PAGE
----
Handling Illegal Interview Questions
Jim, 48, is
sitting in an interview, which has been going well. He's
confident that his qualifications match those of the position,
and he believes he'll fit into the corporate culture. As the
interview is winding down, the interviewer casually asks: "Will
your family mind the relocation from
New York to Texas?"
How should Jim answer this question?
There are several questions that employers may not legally ask
applicants. Federal law attempts to ensure that candidates are
hired on job qualifications and not by prejudicial criteria.
Questions structured to obtain information on race, gender,
religion, marital status, age, physical and/or mental status,
ethnic background, country of origin, sexual preference, or any
other discriminatory factor are generally illegal as grounds
for making employment decisions.
With few exceptions, these factors contribute nothing to your
ability to perform a job, and an employer must substantiate
those cases where a direct relationship is thought to
Anything that is not a bona fide occupational qualification
may not be covered directly, although the interviewer may seek
the information indirectly.
So, how do you handle an illegal interview
First it is
important to assess the intentions of the interviewer.
illegal interview questions are asked in true innocence -- or,
better stated, in true ignorance: ignorance of the law,
ignorance of what questions are proper, and ignorance of how
the information could be used by others in a discriminatory
most illegal questions are asked when the untrained interviewer
is trying to be friendly and asks a seemingly innocent question
about your personal life or family background.
any attempt by the candidate to assert his or her
constitutional rights will merely throw up the defense shields
and put an end to any future consideration for employment.
Warning lights go on, sirens sound, and the interviewer begins
backing down from what otherwise may have been a very
So what is the proper response?
Any response depends on the particular situation and the
personalities and motives of those involved, but overall you
have three basic options:
(1) Answer truthfully if you feel your response will not hurt
the interviewer that the question is illegal and risk offending
them and ending your chances for the position;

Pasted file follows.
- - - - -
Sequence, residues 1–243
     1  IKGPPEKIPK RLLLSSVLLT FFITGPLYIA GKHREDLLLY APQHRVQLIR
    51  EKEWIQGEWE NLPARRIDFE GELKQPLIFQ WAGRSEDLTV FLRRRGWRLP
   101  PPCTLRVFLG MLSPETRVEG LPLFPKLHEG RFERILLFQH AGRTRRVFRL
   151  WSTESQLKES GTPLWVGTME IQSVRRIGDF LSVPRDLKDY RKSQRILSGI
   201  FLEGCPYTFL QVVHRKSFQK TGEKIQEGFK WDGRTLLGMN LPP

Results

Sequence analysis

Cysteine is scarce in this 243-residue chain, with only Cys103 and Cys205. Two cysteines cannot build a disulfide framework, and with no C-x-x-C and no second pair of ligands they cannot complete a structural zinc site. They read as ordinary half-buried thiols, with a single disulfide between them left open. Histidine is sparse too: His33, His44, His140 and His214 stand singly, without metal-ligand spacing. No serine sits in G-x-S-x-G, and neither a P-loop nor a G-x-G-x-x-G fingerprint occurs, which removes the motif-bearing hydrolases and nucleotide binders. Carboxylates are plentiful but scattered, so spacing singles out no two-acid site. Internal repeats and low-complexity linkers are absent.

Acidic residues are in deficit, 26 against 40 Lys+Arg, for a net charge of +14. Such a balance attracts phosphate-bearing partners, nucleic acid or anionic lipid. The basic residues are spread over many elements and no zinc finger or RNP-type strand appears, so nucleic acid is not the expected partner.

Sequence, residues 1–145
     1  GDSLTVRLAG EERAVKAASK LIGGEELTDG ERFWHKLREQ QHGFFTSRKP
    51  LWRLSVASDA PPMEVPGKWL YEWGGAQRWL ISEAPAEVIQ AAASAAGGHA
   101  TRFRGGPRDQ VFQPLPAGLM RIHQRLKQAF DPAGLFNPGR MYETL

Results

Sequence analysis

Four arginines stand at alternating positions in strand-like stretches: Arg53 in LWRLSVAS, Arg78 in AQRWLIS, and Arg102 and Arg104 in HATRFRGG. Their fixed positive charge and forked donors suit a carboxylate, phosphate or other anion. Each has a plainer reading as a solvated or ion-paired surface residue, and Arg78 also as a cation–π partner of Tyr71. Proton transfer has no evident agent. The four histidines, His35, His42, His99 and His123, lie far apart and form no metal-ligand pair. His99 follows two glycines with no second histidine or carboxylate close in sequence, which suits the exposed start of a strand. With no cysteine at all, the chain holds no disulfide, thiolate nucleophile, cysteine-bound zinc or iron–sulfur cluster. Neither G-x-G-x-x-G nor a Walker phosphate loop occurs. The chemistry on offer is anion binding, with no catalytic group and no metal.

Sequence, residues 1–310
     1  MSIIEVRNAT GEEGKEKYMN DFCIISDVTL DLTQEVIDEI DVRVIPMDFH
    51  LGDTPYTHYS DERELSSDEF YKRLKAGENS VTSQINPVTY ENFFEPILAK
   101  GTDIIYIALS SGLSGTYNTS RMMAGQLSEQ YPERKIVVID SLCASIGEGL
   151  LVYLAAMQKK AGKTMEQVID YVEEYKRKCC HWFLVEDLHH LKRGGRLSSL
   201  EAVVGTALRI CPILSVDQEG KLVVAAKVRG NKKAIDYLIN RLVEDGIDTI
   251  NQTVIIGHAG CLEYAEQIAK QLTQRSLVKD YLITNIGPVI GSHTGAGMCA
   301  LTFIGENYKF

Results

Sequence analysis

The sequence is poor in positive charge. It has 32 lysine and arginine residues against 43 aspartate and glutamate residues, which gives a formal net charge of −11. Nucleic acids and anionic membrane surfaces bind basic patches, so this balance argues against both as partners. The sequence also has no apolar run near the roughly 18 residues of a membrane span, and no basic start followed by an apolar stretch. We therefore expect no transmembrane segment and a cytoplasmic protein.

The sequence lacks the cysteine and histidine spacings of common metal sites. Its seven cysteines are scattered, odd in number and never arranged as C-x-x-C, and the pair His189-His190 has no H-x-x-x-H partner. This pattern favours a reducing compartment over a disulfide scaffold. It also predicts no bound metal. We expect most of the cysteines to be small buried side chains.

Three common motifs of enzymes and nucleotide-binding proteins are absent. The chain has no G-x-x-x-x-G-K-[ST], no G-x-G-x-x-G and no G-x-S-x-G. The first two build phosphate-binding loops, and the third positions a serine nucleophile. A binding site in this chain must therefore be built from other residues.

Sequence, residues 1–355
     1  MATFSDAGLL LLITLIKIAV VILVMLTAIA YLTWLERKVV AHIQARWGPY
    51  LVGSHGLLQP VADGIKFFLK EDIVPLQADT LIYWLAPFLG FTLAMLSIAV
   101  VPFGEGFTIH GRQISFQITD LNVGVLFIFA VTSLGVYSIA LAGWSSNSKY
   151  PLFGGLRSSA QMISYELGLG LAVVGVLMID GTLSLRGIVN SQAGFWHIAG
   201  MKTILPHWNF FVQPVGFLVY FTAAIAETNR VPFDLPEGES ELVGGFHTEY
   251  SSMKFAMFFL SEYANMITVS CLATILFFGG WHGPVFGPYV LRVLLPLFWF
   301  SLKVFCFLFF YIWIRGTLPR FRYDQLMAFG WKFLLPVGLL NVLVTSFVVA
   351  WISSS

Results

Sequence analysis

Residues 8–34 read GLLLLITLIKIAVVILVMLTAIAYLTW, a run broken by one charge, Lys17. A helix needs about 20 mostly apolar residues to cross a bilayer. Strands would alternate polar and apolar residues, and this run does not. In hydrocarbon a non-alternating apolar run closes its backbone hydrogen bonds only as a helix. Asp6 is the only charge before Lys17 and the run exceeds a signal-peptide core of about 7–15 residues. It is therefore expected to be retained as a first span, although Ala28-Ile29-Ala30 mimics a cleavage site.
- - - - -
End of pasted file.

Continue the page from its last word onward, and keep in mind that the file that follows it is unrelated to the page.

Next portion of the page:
(3) Base your answer on the requirements of the job and your
ability to perform it.
Here are a few examples of casually asked illegal questions and
Q: Does your family mind the travel required for this
A: I am accustomed to significant business travel. In fact, I
find being on the road invigorating, and my track record has
been very consistent under these conditions.
Q: Are you religious? Will your religion prevent you from
working extra hours or on weekends when we have a big
A: I suppose everyone is religious in their own way. I do not
foresee any circumstances that would interfere with the quality
or commitment of my performance.
Q: You have a very unusual last name. What is its origin?
A: It really is a mouthful, isn't it? I've always used my
first name and last initial in my business e-mail address, as
it is easier.
Q: Are you planning a family in the near future?
A: Currently, I am focused on my career and although having a
family is always a possibility, it is not a priority at the
Q: How many more years do you see yourself in the work force
A: In today's world people don't retire like they used to;
some can't. My career and my need to earn an income are
priorities that I do not foresee changing in the near future.
choose to handle these types of questions depends on the
perceived motivation of the interviewer as well as your desire
to have the position. However, no matter how badly you want or
need a position, always keep in mind that if a company is
capable of asking illegal questions before you are an employee,
there is a greater potential for mistreatment after you are
bet is to try and keep the interview focused on the
qualifications of the position and your qualifications as a
Blatant discrimination does take place. If it does and you are
offended, you have the right to end the interview immediately
("I don't think we're a good match. Thank you for your time.")
-- You never wanted to work there in the first place!
So, how did Jim in our example above answer the question? He
could have said, "It's none of your concern," which likely
would have quickly ended a promising interview.
But Jim thought about the underlying intent of the company in
asking the question, which was "Will relocating an employee who
likely has a family be so troublesome that he/she will be
unproductive for months?" Considering that, he might have
responded, "My family and I are committed to my career, so
relocation is absolutely not a problem."
But Jim's family of five was used to moving every several
years because of his ascending career, so Jim responded: "I've
moved my family every three years, and they always consider it
a great adventure. I've talked to them about the possibility of
this move, and they're very excited."